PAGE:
Drones offer potential and questions for local communities


By The Republican Editorials 

Drones are in. Drones are cool. To officials in many communities, drones are intriguing.

Drones bring a wide array of both practical and ethical questions, too. As more cities and towns explore the purchase and use of drones to enhance public safety, their place is no longer a quirky conversation topic but one that  demands serious review.

Chicopee police have authorized use
 of a private drone twice in recent months, first to find a submerged car in the Connecticut River and then in the search for a missing 91-year-old man. The City Council is considering the purchase of a drone for its Police Department.

In Belchertown, the owners of the town’s public access TV station have a different idea. They are looking at the purchase of a drone (for about $1,100) to provide aerial views of certain community events.

Last year, use of a drone in Easthampton helped police and fire officials monitor the damage from a microburst along route 141 and Mount Tom.The benefits of drones seem indisputable, and their cost is affordable but their use also raises questions that are undeniable.

Some residents fear Big Brother and want to know who will operate the drones, and for what purposes. Concerns about intrusiveness and spying cannot be dismissed as simple paranoia. They are fair questions, and so are those of liability.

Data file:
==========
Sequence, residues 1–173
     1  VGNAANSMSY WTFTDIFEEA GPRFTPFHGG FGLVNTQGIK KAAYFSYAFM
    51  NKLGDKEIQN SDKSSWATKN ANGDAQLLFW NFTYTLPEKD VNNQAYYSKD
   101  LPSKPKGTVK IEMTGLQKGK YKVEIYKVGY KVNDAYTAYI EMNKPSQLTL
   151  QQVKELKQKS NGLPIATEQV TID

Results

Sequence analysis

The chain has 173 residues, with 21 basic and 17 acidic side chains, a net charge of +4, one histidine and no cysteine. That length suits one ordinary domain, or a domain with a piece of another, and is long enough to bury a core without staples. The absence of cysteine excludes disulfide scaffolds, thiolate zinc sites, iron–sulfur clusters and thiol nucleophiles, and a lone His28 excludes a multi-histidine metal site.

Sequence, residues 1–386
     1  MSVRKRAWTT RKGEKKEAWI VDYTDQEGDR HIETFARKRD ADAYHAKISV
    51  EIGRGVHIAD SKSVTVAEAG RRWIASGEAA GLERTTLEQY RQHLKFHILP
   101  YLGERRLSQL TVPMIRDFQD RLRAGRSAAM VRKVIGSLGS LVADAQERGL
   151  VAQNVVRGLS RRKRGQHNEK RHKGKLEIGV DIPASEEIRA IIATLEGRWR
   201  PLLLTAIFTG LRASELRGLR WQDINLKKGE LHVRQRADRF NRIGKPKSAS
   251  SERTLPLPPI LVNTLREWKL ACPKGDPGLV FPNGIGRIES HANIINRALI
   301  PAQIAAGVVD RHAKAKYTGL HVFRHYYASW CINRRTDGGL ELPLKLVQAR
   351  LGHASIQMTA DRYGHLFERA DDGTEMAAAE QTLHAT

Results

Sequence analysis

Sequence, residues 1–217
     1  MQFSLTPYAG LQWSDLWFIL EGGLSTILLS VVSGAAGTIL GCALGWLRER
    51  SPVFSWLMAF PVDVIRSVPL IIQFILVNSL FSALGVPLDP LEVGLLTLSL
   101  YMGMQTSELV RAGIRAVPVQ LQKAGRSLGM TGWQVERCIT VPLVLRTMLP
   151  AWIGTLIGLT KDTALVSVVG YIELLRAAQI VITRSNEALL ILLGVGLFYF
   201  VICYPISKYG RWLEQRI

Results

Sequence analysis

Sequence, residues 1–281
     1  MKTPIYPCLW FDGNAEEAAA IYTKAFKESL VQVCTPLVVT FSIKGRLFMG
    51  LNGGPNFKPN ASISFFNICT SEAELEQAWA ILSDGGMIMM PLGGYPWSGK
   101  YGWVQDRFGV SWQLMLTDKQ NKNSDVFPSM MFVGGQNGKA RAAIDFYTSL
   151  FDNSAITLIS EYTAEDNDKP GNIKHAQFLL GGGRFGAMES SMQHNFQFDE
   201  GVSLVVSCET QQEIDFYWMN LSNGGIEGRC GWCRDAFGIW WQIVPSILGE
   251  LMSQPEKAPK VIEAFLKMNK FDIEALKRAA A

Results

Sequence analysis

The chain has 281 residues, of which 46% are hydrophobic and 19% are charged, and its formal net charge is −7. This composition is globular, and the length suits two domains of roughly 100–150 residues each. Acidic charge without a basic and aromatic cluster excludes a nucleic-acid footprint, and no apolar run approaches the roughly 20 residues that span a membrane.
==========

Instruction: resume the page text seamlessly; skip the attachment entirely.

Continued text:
So are questions of law enforcement applications and the use of evidence that might be obtained from a drone.

The growing interest in drones among public safety officials behooves cities and towns to give their use careful consideration. With that, however, must first come a serious debate that leads to rules and regulations that will maximize their use for purposes of safety, without feeding the fears of residents who find it unsettling to see drones looking over their shoulders from the sky.

In most communities, drone use for local municipal needs is a new subject and uncharted legal and ethical territory. That does not mean the idea should be discarded, but it should be studied openly before cities and towns commit to their use.

Residents have a right to be protected in the best manner possible. They also have a right to privacy. How to balance those rights should be at the forefront of any municipal discussion on how to apply drone technology for the overall good.